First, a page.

It’s finally time, guys and gals.
The playoffs have finally arrived, after what seems like an eternity (actual: one month) of worries and speculation about injuries, bad decisions, and suspensions. Now we just sit back and watch as the Tigers square off against one of the hottest teams in either league, the Oakland Athletics.
Thankfully, the Tigers have a serious strength when it comes to these playoffs, a strength that lines up properly with that old baseball adage: pitching wins in the postseason. Sure, it’s clichéd, but as we can surmise judging by recent World Series winners, it’s true.
Detroit’s opening round series against the A’s is going to be a rough one, and one has to imagine that Jim Leyland has one of the best problems to have for any manager, and that’s deciding who to start in Game 1 from the Tigers’ ridiculous stable of award-caliber starting pitchers. In this article, I’d like to throw in my two cents and recommend that the playoff ace this year should be Anibal Sanchez.
First, we have to remember his killer postseason stretch last year. Despite his 1-2 record, Sanchez sported a 1.77 ERA and a 0.98 WHIP, not to mention an 18-6 K/BB ratio. He went nearly seven innings every star t (6.1 in a loss to the A’s in round 1), and arguably was the Tigers’ best pitcher in 2012. That’s what Dombrowski acquired him to be, afterall.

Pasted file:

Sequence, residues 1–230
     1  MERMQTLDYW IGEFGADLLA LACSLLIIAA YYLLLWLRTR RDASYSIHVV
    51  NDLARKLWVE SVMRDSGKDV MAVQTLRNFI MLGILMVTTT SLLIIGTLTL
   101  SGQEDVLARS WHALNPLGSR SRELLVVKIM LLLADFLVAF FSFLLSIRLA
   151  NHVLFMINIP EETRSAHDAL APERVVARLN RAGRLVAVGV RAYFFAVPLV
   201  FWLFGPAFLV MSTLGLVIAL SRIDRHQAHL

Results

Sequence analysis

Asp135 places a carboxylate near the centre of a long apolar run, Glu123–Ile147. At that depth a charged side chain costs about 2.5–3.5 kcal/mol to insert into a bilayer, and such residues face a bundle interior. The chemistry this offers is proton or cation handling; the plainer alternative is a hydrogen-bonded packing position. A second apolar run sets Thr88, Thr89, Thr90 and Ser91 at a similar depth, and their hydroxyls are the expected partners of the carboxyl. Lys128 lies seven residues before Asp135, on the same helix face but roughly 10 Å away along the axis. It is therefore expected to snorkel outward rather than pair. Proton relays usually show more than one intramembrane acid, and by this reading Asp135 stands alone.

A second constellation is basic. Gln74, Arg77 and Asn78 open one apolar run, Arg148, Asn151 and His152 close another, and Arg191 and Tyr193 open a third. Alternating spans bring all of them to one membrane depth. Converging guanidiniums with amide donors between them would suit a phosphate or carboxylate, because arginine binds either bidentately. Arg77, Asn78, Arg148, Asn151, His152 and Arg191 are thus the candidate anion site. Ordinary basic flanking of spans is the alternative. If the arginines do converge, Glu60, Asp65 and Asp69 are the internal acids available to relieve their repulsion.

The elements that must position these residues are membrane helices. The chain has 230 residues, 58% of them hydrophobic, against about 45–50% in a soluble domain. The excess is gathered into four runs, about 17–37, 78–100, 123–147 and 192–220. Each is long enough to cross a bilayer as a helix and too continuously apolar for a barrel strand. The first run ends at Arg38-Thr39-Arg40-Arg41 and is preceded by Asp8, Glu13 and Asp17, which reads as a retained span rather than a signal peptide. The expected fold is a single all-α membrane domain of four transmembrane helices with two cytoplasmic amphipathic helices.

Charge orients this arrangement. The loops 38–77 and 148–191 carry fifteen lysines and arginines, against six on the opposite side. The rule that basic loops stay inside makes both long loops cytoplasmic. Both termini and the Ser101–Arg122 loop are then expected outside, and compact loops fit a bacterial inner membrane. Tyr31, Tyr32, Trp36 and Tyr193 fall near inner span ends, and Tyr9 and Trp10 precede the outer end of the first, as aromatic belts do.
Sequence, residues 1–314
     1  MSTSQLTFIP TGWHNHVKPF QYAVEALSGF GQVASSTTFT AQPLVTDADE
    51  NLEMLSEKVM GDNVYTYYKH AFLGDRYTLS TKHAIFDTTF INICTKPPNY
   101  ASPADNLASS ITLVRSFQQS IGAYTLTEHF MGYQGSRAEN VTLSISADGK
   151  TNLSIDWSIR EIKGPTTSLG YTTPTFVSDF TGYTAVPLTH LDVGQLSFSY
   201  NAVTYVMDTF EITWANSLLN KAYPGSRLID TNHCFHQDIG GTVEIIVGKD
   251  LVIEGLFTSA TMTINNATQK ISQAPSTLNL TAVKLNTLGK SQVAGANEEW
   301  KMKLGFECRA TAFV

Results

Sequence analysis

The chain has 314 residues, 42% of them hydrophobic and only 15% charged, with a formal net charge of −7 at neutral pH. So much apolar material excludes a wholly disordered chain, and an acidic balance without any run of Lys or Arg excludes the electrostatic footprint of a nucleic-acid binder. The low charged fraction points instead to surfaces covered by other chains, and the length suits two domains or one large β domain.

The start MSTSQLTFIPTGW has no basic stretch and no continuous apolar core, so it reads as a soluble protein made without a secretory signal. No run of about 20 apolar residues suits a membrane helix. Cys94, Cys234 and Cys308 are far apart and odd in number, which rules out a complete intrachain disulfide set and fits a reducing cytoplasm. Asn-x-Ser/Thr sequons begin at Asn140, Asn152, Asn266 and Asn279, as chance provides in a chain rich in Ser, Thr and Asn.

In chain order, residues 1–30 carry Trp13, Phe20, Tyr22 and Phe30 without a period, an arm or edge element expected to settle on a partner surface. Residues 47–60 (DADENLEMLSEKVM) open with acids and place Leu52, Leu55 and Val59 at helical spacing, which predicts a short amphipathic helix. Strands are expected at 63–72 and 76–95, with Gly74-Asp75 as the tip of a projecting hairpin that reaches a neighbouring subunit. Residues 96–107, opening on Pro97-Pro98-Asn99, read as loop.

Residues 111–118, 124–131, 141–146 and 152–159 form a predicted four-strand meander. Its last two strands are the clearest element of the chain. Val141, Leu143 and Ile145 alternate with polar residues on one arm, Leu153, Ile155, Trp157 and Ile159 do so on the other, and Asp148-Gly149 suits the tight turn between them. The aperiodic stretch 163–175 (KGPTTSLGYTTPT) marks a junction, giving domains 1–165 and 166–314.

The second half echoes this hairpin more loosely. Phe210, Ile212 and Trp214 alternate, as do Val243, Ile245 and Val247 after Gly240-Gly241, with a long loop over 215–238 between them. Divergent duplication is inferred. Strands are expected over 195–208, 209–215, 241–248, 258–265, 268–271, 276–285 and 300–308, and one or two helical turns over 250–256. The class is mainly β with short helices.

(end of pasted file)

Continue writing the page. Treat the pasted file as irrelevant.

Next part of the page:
In terms of his success against Oakland, he handled them pretty well this season, going 1-0 with a 3.75 ERA and a 1.25 WHIP over 12 innings, and that looks even better when just his start at O.co Coliseum is inspected: 7 innings, 1.29 ERA, 1.00 WHIP, 8 K’s and 4 BB’s.
What about Scherzer against the A’s? Well, he no decisions over two starts, with a 4.91 ERA, 1.36 WHIP, and a 16-2 K/BB ratio, which is thankfully fantastic. Also fantastic was his start at Oakland, where he went six innings, struck out 11 and walked one, and had a 1.50 ERA and a 1.00 WHIP.
Essentially, both Scherzer and Sanchez were fantastic in September, but Sanchez is coming off a stronger start: against the Marlins on Saturday he struck out 8 over five innings and allowed no walks or runs. Scherzer allowed no runs against the Twins on Wednesday, but he had a 10/6 K/BB ratio, and gave up two hits over seven innings.
And like I said previously, I’d rather have to choose between these two because this just doesn’t seem to be Justin Verlander’s season, and he always seems to leave us fans wanting more in the playoffs. Maybe a turn out of the brightest spotlight, where everything he does gets scrutinized, will do him some good and he can relax and get back into a dominating rhythm.
Again, this is a magnificent problem for a major league club to have: you can bet that any team in the league, and any team in the playoffs for either league, wishes they had a problem like this.
Still, I’m all about Anibal this time around.